What happens if Congress doesn't pass new Farm Bill?
If a rally to push Congress into getting a new Farm Bill passed (see related story) before the end of September isn't successful, what happens?
The current "Food, Conservation and Energy Act of 2008" will expire on Sept. 30 and farmers are wondering what rules they will fall under if the House can't be encouraged to act on a Farm Bill that was given bi-partisan approval in the House Agriculture Committee.
The Senate had already passed it's own version of the Farm Bill in June.
House leadership balked at the price tag on food stamp and nutrition programs that are included in the "Farm Bill."
If the full House does succeed in passing a farm and food measure, the differences between the House and Senate versions would need to be worked out in a conference committee.
Political observers this week warned that if Congress doesn't act, U.S. agriculture could revert to old policies passed in 1938 and 1949 that still form a fallback position to today's policies.
Over the years the threat of reverting to outdated policies has been enough to force Congress to act, although not always on time.
Lawmakers were past their deadline in passing the 1996 Farm Bill and when the 2007 policy expired, Congress didn't get a new bill done until 2008 - the current legislation.
This week U.S. Agriculture Secy. Tom Vilsack warned that a number of federal farm programs would expire at the end of the month if Congress does nothing.
Programs providing drought relief, the popular Conservation Reserve Program conservation program and dairy safety net programs, including the Milk Income Loss Contract (MILC) would end.
In light of the dwindling number of days when Congress could act and with the deadline of Sept. 30 looming, many beltway observers believe Congress will likely pass a one-year extension of the current measure.
The House only has eight working days this months and the Senate has 12 days. Earlier in the year there were plenty of nay-sayers who didn't believe a Farm Bill could be passed in an election year and it appears they may have been right.
If that happens it could be a repeat of 2008, when farm and food legislation was a year late - following a one-year extension.
But it will be even harder to pass legislation next year when the budget baselines will be even tighter than they are now. Farm Bill negotiations would have to begin anew in a new session of Congress.
For many years the "Farm Bill" has included food stamps and other nutrition programs in order to build a coalition of constituents and lawmakers who want to see it passed. This time, some analysts noted, that coalition stands in the way of urgent passage of the measure because some of those coalition members are probably in favor of just extending the current Farm Bill.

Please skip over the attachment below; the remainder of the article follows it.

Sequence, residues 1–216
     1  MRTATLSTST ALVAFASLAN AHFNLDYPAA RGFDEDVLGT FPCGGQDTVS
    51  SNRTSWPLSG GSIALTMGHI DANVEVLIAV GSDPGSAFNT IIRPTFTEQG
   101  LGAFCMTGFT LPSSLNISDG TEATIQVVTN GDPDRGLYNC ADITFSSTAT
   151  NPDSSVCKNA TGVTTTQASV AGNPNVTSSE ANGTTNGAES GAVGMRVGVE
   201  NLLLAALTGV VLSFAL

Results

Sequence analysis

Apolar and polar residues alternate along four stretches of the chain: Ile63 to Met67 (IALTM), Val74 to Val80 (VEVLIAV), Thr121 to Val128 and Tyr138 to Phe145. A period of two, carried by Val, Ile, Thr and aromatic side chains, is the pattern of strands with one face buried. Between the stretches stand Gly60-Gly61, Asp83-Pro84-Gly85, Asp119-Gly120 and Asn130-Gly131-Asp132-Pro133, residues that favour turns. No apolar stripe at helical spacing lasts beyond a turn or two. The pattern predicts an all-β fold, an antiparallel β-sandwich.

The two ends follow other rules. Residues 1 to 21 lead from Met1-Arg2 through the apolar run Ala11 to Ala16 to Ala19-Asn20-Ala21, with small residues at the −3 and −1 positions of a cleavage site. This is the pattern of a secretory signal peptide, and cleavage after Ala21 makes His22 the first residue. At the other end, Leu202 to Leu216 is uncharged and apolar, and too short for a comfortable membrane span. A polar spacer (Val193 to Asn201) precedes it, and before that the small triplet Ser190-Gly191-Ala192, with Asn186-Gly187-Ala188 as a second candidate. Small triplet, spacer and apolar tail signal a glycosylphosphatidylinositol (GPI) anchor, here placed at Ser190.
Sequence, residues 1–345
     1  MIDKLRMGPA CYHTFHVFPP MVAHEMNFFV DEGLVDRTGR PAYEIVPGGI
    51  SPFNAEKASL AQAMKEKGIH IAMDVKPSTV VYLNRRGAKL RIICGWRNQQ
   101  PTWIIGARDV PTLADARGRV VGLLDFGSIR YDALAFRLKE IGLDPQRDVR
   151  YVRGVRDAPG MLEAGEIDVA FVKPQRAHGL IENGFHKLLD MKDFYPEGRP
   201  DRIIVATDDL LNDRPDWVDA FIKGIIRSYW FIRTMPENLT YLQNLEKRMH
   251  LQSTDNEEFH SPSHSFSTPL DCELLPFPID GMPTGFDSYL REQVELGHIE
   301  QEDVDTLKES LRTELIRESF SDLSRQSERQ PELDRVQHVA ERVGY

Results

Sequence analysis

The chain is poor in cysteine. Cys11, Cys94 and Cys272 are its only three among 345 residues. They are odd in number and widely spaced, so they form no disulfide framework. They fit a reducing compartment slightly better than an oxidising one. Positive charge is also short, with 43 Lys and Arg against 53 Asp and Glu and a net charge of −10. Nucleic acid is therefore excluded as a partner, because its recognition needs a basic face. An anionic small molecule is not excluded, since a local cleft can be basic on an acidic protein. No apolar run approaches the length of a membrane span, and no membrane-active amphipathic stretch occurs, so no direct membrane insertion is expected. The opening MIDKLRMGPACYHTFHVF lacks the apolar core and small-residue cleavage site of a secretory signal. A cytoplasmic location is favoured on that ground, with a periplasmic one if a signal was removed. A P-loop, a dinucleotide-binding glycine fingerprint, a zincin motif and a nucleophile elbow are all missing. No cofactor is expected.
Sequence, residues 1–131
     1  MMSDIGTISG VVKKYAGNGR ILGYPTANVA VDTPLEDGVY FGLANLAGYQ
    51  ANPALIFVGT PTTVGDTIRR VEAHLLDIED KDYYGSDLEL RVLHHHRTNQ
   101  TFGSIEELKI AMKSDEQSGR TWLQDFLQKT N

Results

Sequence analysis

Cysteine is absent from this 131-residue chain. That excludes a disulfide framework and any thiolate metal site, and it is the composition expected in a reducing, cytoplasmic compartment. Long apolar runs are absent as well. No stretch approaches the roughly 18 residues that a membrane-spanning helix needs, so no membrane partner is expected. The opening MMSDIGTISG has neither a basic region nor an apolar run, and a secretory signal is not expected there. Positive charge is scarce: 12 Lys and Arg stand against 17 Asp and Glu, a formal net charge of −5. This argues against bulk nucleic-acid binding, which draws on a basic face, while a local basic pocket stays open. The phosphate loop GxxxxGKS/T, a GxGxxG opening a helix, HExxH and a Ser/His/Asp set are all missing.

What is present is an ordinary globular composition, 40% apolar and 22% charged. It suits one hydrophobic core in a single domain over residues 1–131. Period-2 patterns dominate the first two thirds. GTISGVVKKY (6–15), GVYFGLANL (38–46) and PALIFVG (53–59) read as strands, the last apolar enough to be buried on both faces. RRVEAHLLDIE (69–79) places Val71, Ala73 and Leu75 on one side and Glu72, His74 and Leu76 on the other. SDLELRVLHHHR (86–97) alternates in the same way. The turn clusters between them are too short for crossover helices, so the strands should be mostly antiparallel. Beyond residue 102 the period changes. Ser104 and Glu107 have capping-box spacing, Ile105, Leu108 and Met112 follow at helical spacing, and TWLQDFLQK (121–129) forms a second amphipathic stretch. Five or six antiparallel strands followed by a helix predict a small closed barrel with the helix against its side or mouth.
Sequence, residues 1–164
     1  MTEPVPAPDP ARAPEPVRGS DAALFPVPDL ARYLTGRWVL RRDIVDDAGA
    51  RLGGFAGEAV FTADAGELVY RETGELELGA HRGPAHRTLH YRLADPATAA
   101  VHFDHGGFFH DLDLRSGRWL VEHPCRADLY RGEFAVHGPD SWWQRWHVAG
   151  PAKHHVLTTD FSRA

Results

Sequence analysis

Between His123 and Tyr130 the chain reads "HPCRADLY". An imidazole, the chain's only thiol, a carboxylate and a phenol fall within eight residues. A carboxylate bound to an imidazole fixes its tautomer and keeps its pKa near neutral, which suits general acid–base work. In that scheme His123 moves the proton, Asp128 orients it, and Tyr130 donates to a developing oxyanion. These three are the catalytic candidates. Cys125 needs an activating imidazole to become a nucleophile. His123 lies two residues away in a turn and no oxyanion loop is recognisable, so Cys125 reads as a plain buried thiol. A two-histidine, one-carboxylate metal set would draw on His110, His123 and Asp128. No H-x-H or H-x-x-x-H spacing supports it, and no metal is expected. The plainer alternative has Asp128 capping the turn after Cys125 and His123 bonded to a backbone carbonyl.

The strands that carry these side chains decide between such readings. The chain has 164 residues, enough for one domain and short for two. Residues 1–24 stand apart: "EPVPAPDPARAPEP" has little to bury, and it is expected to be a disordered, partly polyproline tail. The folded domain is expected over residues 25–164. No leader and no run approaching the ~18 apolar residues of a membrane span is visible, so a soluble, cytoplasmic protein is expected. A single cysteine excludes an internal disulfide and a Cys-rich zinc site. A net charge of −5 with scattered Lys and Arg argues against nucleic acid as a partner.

The food stamp program isn't set to expire at the end of this month and any new legislation would likely cut funding for that program. So those advocating for greater aid to the hungry and poor are unlikely to be interested in pushing hard for a new farm and food bill.
If Congress does nothing and allows programs to expire, programs will revert to old legislation that was passed with no expiration date.
Economists are warning that reverting to the old pre-World War II policies would be devastating to the agricultural economy - with the old farm policies providing neither a floor or a ceiling for commodity prices.
Eric Schuck, an economics professor at Linfield College in McMinnville, OR, published an online essay over the weekend stating that if that old system were used in today's economy the current support price for a bushel of wheat would be $18.
A similar warning for a per-bushel price of $18 for corn was voiced by Agriculture Secy. Vilsack this week.
The old farm policy doesn't include food stamp programs or the soil conservation programs that have allowed the United States to avoid another Dust Bowl during this year's drought, Schuck added.
The economist believes that the best solution would be for the House to vote on the bill that was approved by its Agriculture Committee, but said that House Speaker John Boehner is concerned about "a Tea Party revolt on his right over the Farm Bill's cost and Democratic opposition to nutrition assistance cuts."
The Speaker, he said, tried to "patch the problem with an inadequate drought-relief bill" that didn't solve the problem.
If getting that bill passed is not possible, a solution would be to extend the 2008 measure for a year.
"An extension maintains coverage for current food assistance and conservation programs, avoids the costs of 1949 price supports and gives producers the stability needed to plan for the 2013 crop year," he wrote.
"If that doesn't happen, we need to set our watches back to 1949," he added.
To read Schuck's entire analysis, go to http://www.oregonlive.com/opinion/index.ssf/2012/09/congress_needs_to_pass_a_farm.htm.